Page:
While the government's unemployment numbers are holding steady, the worst may be yet to come.
According to a report released today by outplacement firm Challenger, Gray & Christmas, Inc., of Chicago, the number of announced job cuts in July reached a high since the economic slowdown of 2001 began, with roughly 206,000 layoffs in the month.
That's the highest one-month total Challenger, Gray & Christmas has noted since it began keeping track of the monthly numbers in 1993.
Unemployment Figures Remain Level
However, the report comes on the heels of the Labor Department's monthly job report, released on Friday, which showed unemployment holding steady at 4.5 percent in July.
"The unemployment numbers this month are flatter than Kansas," said Labor Secretary Elaine Chao on Friday.
Unemployment: The Ripple Effect
So why the discrepancy? For one thing, Challenger, Gray & Christmas is keeping track of announced layoffs, many of which have yet to take effect. Indeed, their numbers indicate that the worst is yet to come.
"Job cuts tell us as much about the economy's future as they do about the present," says Challenger's CEO, John A. Challenger, adding: "If companies were anticipating a 2001 turnaround, with an increase in demand for goods and services, we would not be witnessing the extraordinary number of job cuts that are taking place this year."
Additionally, the Challenger, Gray & Christmas numbers do not include the number of new U.S. hirings made, which also helps to account for the discrepancy between the number of layoffs and the unemployment figures in any given month.
"Some of those [job cuts] are overseas, and you don't know how many are going to be implemented, or how many workers will be absorbed elsewhere in the company," says Steve Cochran, a senior economist at Economy.com in West Chester, Pa.
Interactive Guide to the Economy
Telecom and Technology Workers Hit Hard
Still, the numbers reveal that not all sectors of the economy are being hit equally hard by the slowdown. The struggling telecommunications sector led the way in July with 44,908 announced layoffs in July. Other technology companies announced 26,321 layoffs in the month.
Telecom equipment heavyweight Lucent, for instance, announced nearly 20,000 new layoffs in July, and may have about 56,000 employees by the end of the year, down from 155,000 in mid-2000. Telecom companies as a whole have announced over 175,000 job cuts in 2001, and other technology companies have announced more than 100,000 this year.
Lucent Loses Its Way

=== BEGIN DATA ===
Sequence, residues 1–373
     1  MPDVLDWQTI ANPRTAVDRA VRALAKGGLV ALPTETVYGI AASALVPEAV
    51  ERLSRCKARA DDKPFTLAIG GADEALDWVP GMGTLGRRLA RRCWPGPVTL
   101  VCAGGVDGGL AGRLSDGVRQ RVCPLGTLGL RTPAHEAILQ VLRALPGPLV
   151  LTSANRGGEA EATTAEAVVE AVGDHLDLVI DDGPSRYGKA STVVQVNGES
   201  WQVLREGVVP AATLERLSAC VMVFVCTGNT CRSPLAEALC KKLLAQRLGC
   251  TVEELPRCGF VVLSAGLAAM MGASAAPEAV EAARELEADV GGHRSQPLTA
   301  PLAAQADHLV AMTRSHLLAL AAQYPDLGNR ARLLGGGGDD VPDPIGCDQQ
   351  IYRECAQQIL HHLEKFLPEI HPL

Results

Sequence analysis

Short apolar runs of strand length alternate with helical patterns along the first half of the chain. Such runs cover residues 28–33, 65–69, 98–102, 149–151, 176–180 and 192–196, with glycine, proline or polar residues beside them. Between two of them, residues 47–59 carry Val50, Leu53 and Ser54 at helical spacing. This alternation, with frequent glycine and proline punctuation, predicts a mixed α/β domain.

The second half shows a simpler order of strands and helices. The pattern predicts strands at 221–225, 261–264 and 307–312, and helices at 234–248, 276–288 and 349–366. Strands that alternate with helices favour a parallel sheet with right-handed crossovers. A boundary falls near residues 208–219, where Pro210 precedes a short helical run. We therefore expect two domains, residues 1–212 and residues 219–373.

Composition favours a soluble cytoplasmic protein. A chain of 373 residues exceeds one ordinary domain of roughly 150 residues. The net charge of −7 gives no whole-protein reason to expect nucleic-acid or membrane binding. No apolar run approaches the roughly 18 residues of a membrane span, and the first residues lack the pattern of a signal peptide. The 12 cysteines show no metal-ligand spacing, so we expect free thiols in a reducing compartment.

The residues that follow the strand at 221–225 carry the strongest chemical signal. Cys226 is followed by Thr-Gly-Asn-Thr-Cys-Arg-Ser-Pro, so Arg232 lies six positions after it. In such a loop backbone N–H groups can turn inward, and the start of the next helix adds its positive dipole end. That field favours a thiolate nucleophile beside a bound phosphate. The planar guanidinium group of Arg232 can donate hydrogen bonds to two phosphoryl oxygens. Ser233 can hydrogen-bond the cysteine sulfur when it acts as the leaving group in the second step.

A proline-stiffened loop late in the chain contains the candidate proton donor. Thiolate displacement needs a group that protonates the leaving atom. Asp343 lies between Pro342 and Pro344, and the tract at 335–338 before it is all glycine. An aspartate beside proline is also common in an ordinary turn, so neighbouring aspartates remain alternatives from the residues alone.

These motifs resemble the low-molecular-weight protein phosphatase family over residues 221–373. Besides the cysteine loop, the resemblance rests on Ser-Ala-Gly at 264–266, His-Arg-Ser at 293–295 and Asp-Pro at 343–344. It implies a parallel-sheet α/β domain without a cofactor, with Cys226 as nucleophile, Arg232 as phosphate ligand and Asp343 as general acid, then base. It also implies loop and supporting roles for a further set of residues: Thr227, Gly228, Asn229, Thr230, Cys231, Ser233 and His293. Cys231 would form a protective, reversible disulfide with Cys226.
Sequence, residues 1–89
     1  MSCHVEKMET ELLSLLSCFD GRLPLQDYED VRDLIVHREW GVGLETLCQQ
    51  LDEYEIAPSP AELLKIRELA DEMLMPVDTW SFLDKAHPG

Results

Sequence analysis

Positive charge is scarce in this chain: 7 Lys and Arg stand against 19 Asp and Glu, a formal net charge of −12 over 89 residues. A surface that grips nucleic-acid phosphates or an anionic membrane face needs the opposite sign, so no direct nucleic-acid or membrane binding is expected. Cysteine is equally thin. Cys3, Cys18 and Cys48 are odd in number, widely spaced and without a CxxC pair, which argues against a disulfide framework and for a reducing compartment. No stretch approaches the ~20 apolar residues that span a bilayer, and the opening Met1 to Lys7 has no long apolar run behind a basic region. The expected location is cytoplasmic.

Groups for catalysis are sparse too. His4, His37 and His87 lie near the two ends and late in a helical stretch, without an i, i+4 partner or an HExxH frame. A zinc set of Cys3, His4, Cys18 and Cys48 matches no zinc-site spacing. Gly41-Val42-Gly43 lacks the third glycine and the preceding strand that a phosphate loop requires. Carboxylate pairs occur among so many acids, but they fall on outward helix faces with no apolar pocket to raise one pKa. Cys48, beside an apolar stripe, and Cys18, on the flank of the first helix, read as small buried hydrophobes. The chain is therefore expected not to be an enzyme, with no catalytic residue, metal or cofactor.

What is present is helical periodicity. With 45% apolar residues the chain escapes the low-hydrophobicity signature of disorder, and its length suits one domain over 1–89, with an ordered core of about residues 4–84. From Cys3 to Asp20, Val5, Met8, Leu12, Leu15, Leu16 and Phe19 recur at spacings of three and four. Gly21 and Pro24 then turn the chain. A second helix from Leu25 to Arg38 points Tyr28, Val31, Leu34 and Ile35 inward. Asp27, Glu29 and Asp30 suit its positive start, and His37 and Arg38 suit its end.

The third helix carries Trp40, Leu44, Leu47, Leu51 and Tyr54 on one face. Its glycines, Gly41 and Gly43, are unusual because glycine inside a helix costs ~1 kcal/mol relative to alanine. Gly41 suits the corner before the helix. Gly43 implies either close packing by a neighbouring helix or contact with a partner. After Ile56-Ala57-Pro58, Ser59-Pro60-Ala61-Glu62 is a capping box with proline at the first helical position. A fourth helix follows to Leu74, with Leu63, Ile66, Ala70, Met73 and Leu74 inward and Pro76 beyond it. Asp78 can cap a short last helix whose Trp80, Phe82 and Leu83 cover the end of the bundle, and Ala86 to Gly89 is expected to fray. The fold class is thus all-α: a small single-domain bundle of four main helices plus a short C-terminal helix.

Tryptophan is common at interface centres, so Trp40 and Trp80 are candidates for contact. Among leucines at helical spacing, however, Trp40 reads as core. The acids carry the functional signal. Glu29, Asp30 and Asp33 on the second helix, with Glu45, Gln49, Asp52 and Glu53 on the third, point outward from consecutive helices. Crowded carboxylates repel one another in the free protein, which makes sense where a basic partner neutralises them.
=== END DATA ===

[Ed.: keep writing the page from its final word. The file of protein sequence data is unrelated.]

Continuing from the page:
"The most worrisome aspect of the job-cut numbers, in terms of serving as an economic barometer, is the fact that job cutting has been heaviest in both manufacturing and technology," says Challenger.
Manufacturing is an area where announced layoffs have taken their toll. The Labor Department's monthly report cited a loss off 49,000 jobs in the sector in July, making it especially hard-hit.
But so far the service sector — covering everything from health care to financial services, advertising, accounting and other businesses — has avoided the brunt of the slowdown.
"The surprising feature is that there hasn't been more job loss in the service industries," says Richard Berner, chief U.S. economist at Morgan Stanley in New York.
Cochran predicts that in the coming months "the service industries are going to be equally affected" by the slowdown, adding: "It's hard to see really how almost any industry can avoid slower demand right now."
When Will the Economy Improve?
The main question on everyone's mind, though, is when the current economic slowdown will turn around — a development that would create more jobs across the board. Most observers feel there are still a few tough months ahead, as the economy as whole remains at an eight-year low.
Can Consumers Keep the Economy Going?
"I think there are more job cuts to come," says Berner, although he notes that unemployment figures are a "lagging indicator" of economic health and says some economic growth is possible by the fourth quarter of this year.
"Clearly we're going to see the unemployment rate go up in the second half of the year," adds Cochran, who says a turnaround probably won't come until the first or second quarter of 2002. "It's kind of a frustrating pace of economic growth."
"The hope is that the service economy and consumer spending can prop the economy up long enough to let interest rates take effect," concludes Challenger, who anticipates a better economy "maybe some time early in 2002."